Gazprom starts Turkish Stream pipeline's European part construction

 Gazprom starts Turkish Stream pipeline's European part construction

Russia's Gazprom has launched the construction of the second string of the Turkish Stream gas pipeline in the Black Sea, local media reported, citing official sources.

The Vedomosti newspaper reported, citing an official and a contractor, that some 20-25 kilometers (12.4-15.5 miles) of the pipe had already been laid along the bottom of the Black Sea. The construction activities were conducted by an Audacia pipelay vessel of the Swiss Allseas company, which gained Gazprom’s tender. Web site says that the ship is close to the Mali Utrish village and is moving at a speed of 0.10–0.15 knots on the route of the first thread of the Turkish Stream, which corresponds to the speed of laying a pipe.

Gazprom has not yet announced the beginning of the construction of the second pipeline's string.

Meanwhile, Allseas told the newspaper that 100 kilometers (62 miles) of the first string of the pipe had already been laid, providing though no information on the second string.

Russian Energy Minister Alexander Novak said that Gazprom has already built 50 kilometers of the sea part of the pipeline.

The pipeline will consist of two branches with a capacity of 15.75 billion cubic meters each. One of them, to be finished in 2018, is to supply gas to Turkey, another one is to transit gas to the European countries through Turkey and is to be finished in 2019.

A leading analyst of the National Energy Security Fund, a lecturer at the Financial University under the Government of the Russian Federation, Igor Yushkov, speaking to a correspondent of Vestnik Kavkaza, said that Gazprom is forced to act so hastily by the US Congress, which is approaching the adoption of a law on new sanctions against Russia, which will include a partial ban on the work of Western companies on Russian pipeline projects. "The race has begun: whether Gazprom will have time to lay the gas pipeline before sanctions are introduced. Also Gazprom should show that the Turkish flow is not a new project in every possible way," he explained.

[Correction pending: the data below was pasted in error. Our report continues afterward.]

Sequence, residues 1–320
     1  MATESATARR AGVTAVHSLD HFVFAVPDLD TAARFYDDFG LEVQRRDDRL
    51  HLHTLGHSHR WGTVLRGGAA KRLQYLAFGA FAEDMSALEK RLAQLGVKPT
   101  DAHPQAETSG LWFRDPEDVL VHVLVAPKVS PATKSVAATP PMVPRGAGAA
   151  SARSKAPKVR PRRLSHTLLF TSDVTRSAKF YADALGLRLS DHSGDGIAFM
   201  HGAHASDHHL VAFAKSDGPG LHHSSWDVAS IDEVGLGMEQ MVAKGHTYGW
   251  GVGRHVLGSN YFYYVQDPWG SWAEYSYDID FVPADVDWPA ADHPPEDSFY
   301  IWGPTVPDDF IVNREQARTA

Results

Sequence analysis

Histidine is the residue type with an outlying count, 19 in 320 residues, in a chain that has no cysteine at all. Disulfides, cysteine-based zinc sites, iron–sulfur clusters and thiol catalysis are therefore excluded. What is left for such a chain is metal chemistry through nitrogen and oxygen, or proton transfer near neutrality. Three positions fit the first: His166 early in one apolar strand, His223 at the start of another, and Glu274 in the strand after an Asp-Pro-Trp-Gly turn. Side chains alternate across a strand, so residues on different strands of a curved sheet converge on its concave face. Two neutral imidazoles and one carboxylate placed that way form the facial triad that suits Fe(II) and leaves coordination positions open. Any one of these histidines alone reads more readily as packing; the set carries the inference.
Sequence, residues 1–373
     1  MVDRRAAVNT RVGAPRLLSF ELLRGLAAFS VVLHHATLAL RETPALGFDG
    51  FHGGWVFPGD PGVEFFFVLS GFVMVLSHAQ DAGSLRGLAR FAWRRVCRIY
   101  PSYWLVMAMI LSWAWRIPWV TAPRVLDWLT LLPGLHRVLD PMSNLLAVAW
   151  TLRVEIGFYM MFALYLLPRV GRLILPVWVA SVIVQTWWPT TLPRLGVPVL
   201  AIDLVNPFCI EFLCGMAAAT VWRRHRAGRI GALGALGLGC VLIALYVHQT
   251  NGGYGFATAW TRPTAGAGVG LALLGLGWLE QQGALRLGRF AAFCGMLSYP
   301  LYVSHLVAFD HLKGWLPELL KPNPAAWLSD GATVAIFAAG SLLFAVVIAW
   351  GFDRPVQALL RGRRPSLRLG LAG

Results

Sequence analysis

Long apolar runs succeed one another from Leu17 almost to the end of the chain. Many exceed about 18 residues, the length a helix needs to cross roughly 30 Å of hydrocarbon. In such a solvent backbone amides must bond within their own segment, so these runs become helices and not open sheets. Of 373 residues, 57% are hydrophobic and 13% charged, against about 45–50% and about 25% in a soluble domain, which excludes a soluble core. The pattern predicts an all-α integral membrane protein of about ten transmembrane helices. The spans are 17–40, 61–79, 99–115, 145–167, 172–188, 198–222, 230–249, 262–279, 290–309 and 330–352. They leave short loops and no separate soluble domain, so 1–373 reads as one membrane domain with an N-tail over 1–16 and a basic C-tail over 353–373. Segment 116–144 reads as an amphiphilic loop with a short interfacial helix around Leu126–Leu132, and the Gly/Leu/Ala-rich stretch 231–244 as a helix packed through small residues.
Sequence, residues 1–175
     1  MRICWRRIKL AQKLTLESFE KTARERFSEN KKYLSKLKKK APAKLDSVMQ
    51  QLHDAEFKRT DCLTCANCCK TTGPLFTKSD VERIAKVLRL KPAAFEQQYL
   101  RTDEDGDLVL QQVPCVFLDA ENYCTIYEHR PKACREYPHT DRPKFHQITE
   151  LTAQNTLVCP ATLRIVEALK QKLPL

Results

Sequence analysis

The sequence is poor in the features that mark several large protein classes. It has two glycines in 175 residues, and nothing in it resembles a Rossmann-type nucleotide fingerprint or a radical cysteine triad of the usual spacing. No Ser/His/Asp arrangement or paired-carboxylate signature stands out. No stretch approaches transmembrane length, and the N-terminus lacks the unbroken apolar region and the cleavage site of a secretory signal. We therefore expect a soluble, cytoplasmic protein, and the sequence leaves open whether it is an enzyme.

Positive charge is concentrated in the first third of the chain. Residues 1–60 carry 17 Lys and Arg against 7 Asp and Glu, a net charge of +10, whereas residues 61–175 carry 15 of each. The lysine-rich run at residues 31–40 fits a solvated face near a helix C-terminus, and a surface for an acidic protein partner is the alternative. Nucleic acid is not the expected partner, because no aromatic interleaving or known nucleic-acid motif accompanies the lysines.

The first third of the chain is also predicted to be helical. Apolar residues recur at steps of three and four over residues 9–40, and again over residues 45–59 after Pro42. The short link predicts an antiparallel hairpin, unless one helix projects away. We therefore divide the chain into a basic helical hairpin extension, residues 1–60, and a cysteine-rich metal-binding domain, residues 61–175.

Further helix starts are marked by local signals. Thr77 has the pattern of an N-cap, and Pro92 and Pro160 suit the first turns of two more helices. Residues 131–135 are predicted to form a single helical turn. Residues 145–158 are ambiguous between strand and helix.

Pipe-laying companies are also among those forbidden to work with Gazprom. "Gazprom is striving to build an underwater part of the second string to the borders of the territorial waters of Bulgaria, while conducting additional negotiations with Brussels that it will be more convenient to lay a pipe along the old route of the South Stream. If Brussels does not give guarantees, the second string will be turned to the south and finished parallel to the first string ibto Turkey," Igor Yushkov predicts.

The most acute problem in this case is that there are no pipelayers in Russia capable of building a pipeline on the bottom of the Black Sea. "If foreign companies are forbidden to work with Gazprom before the Turkish part of the Turkish flow is completed, the project can be frozen," the expert explained.

At the same time, Gazprom does not yet have a firm decision on where to lay the pipe. "It would be in the common interest of Russia and Europe to return to the old route of the South Stream, but the Europeans refuse to do so. The countries of Southern Europe - Bulgaria, Hungary, Serbia, which could earlier become transitors and buyers of Russian gas, will suffer from it," Igor Yushkov stressed.

At the same time, these countries will be able to receive gas from Turkey. "The Transbalkan gas pipeline, which transports gas via Ukraine, Romania and Bulgaria to Turkey, will be relieved. The reverse of the Transbalkan gas pipeline will help Bulgaria, Serbia and Hungary continue to receive Russian gas after the termination of its transit through Ukraine," the leading analyst of the National Energy Security Fund concluded.


Vestnik Kavkaza

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